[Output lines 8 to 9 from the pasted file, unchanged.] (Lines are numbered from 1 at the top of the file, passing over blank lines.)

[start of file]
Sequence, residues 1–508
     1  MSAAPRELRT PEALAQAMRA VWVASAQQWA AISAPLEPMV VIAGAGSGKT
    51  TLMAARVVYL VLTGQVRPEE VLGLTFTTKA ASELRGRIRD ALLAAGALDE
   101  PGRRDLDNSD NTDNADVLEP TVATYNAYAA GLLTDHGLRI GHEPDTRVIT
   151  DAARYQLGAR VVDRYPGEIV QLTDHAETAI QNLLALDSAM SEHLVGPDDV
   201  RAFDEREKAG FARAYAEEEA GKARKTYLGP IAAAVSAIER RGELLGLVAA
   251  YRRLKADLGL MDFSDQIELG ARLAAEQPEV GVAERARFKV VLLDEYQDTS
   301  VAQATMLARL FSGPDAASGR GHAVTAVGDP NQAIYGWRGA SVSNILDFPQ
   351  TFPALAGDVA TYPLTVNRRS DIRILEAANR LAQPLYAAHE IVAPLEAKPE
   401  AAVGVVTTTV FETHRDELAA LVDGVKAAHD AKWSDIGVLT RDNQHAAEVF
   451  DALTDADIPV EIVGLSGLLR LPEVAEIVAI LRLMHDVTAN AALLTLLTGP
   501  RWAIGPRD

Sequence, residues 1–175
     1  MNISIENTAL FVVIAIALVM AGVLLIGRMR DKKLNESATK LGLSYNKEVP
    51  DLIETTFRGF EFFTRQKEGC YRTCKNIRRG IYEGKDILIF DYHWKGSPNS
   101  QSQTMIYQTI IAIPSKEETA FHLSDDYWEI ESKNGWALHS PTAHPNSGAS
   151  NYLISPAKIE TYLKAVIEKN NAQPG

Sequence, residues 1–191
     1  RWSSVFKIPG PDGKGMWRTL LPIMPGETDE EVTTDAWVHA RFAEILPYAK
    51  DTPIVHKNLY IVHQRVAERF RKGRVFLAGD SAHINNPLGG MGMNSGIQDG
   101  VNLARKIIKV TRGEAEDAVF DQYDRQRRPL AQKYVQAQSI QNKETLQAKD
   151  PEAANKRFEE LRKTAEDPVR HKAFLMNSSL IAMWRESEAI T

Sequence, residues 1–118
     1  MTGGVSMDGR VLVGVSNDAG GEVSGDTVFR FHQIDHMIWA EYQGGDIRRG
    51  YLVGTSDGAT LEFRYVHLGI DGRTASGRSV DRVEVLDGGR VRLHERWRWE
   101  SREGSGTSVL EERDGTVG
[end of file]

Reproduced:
   301  VAQATMLARL FSGPDAASGR GHAVTAVGDP NQAIYGWRGA SVSNILDFPQ
   351  TFPALAGDVA TYPLTVNRRS DIRILEAANR LAQPLYAAHE IVAPLEAKPE